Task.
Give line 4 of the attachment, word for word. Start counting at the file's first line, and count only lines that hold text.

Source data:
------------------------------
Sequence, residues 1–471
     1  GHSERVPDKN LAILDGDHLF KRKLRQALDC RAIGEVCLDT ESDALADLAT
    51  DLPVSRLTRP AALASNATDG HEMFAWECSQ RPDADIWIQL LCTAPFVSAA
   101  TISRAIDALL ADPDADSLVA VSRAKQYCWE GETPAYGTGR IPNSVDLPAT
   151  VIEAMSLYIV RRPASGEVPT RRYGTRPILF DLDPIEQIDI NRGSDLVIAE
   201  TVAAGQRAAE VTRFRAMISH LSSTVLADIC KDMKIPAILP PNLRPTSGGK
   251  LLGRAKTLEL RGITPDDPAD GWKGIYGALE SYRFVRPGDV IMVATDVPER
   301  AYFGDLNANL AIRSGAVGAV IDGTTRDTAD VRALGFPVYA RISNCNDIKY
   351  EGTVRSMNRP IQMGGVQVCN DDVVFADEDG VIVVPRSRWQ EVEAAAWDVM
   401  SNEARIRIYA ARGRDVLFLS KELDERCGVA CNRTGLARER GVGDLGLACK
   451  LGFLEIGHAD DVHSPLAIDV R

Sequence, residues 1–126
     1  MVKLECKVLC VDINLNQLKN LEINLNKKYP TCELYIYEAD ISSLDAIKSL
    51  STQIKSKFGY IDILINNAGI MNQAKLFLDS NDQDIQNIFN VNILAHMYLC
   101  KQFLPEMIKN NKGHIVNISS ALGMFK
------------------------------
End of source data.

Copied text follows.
   101  TISRAIDALL ADPDADSLVA VSRAKQYCWE GETPAYGTGR IPNSVDLPAT